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Stereotype Susceptibility in Children: Effects of Identity Activation on Quantitative Performance

Nalini Ambady, Margaret Shih, Amy Kim and Todd L. Pittinsky
Psychological Science
Vol. 12, No. 5 (Sep., 2001), pp. 385-390
Stable URL: http://www.jstor.org/stable/40063653
Page Count: 6
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Stereotype Susceptibility in Children: Effects of Identity Activation on Quantitative Performance
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Abstract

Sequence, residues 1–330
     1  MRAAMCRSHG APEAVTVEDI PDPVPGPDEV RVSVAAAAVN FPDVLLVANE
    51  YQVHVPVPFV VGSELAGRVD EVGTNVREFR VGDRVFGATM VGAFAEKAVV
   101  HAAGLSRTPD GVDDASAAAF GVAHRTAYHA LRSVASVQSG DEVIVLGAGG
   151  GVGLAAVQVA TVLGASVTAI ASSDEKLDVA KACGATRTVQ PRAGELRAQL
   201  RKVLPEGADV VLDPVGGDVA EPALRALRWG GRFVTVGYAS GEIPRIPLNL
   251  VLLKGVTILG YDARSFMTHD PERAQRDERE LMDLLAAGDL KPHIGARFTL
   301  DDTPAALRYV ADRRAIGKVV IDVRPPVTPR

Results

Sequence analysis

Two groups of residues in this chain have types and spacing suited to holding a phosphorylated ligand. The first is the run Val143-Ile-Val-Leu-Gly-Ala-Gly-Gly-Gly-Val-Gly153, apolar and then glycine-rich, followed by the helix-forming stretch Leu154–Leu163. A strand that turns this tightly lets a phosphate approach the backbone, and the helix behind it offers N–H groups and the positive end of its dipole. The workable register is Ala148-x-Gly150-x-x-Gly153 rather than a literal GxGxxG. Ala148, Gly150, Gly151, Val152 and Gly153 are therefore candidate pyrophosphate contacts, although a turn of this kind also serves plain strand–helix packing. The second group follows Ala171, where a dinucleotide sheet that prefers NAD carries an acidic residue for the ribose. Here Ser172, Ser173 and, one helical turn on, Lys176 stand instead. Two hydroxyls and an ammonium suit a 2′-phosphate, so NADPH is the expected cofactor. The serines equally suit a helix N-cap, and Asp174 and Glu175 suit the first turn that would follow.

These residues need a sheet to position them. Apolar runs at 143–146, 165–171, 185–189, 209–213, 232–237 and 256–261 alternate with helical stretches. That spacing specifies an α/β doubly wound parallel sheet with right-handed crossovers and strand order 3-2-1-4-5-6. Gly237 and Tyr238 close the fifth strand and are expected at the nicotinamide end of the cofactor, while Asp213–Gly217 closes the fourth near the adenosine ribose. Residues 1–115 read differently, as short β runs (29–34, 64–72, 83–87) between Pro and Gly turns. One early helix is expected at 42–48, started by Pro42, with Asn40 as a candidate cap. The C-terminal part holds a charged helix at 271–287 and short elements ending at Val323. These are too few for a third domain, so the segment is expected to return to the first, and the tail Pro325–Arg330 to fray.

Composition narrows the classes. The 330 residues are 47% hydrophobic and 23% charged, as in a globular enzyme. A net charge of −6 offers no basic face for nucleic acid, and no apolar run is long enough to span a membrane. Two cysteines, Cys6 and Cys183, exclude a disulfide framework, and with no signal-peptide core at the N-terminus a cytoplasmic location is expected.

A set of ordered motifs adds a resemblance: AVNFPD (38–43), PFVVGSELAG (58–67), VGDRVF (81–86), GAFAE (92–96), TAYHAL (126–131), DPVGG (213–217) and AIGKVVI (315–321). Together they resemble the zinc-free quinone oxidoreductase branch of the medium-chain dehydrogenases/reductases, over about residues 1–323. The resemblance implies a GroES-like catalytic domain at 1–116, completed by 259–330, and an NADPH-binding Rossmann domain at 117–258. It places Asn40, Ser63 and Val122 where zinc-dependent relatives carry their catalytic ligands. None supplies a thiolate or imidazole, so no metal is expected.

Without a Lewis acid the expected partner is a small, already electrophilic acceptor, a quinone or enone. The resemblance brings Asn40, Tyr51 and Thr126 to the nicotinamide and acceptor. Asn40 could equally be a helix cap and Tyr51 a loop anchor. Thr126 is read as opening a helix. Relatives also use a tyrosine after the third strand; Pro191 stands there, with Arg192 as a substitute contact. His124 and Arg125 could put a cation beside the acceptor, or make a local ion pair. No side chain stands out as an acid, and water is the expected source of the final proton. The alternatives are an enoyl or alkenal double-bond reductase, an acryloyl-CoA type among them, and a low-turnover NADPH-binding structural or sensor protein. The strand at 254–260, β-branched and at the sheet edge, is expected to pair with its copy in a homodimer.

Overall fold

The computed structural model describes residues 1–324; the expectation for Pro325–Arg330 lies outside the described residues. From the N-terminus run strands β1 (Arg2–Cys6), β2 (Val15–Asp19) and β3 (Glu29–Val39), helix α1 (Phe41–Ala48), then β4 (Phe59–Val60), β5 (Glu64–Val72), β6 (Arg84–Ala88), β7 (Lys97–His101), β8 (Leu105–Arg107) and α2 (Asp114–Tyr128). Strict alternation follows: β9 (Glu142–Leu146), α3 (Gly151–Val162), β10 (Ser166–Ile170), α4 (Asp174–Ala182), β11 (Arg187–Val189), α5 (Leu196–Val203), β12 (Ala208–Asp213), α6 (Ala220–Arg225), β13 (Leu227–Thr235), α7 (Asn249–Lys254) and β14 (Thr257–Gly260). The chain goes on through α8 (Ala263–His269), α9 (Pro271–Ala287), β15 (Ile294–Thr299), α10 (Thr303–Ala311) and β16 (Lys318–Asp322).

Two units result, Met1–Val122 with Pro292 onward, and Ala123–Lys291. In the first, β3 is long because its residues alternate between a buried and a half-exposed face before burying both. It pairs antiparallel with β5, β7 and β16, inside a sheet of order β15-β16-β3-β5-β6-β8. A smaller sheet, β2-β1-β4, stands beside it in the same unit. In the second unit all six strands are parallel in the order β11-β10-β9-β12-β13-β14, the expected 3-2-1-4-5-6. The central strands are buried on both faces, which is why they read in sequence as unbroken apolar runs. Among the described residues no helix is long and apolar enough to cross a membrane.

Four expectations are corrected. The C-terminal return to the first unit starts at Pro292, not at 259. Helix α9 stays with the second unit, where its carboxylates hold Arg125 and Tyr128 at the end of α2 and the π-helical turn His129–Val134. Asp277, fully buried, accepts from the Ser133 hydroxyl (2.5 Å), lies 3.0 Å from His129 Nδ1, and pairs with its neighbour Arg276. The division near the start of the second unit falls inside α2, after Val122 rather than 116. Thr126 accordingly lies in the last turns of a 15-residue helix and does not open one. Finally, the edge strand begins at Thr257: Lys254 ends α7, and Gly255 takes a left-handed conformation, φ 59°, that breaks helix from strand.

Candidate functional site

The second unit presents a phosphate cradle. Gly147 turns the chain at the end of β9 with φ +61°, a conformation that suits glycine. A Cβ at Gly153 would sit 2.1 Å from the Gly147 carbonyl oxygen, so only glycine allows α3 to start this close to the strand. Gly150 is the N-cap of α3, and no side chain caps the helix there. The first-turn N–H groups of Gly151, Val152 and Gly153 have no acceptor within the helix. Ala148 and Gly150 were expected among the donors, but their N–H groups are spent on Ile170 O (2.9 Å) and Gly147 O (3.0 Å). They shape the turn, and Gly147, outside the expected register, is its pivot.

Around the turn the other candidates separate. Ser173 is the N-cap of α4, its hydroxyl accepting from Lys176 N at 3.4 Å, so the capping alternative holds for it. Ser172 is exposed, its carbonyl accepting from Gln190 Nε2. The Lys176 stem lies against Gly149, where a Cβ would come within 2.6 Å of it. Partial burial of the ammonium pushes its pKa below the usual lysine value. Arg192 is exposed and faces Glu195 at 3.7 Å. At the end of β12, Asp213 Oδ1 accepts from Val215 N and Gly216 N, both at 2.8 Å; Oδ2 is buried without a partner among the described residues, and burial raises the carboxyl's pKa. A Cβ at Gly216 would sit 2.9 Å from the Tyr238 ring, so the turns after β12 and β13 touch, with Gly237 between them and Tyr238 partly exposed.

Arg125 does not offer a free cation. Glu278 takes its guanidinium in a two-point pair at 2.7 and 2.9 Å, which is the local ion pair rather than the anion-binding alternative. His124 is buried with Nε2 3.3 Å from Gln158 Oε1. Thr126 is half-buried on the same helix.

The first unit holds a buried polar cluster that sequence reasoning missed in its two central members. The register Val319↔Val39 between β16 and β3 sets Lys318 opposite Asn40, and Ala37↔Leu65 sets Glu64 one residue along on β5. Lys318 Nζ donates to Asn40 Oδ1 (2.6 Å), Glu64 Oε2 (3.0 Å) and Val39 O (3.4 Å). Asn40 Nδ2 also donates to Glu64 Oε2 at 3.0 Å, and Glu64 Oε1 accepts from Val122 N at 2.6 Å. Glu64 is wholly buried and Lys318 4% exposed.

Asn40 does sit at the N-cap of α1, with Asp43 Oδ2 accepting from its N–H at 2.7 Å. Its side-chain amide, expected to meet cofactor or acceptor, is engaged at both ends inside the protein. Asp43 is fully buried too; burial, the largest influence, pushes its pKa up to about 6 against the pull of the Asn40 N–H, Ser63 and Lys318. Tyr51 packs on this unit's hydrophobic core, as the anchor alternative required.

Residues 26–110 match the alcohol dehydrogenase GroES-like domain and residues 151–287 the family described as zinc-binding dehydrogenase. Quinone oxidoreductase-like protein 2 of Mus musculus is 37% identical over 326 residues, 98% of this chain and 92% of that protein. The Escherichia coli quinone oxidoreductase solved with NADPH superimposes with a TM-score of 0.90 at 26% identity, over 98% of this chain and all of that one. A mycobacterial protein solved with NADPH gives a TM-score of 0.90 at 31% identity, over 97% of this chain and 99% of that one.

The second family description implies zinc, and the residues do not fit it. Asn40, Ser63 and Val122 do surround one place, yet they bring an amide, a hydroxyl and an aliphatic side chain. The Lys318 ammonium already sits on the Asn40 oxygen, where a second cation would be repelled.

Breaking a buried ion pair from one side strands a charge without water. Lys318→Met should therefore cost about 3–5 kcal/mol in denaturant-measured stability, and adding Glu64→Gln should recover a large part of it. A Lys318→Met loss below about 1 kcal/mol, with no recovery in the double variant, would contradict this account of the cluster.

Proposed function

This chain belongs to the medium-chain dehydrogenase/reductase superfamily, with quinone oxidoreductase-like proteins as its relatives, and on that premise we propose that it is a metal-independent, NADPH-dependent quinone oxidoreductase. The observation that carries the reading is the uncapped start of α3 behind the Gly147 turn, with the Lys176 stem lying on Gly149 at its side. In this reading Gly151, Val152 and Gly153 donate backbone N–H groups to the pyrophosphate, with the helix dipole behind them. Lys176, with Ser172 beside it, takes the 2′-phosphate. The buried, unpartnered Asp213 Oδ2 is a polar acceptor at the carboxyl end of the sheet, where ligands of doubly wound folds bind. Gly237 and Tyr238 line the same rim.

A growing body of research indicates that the activation of negative stereotypes can impede cognitive performance in adults, whereas positive stereotypes can facilitate cognitive performance. In two studies, we examined the effects of positive and negative stereotypes on the cognitive performance of children in three age groups: lower elementary school, upper elementary school, and middle school. Very young children in the lower elementary grades (kindergarten-grade 2) and older children in the middle school grades (grades 6-8) showed shifts in performance associated with the activation of positive and negative stereotypes; these shifts were consistent with patterns previously reported for adults. The subtle activation of negative stereotypes significantly impeded performance, whereas the subtle ac- tivation of positive stereotypes significantly facilitated performance. Markedly different effects were found for children in the upper elementary grades (grades 3-5). These results suggest that the development of stereotype susceptibility is a critical domain for understanding the connection between stereotypes and individual behavior.

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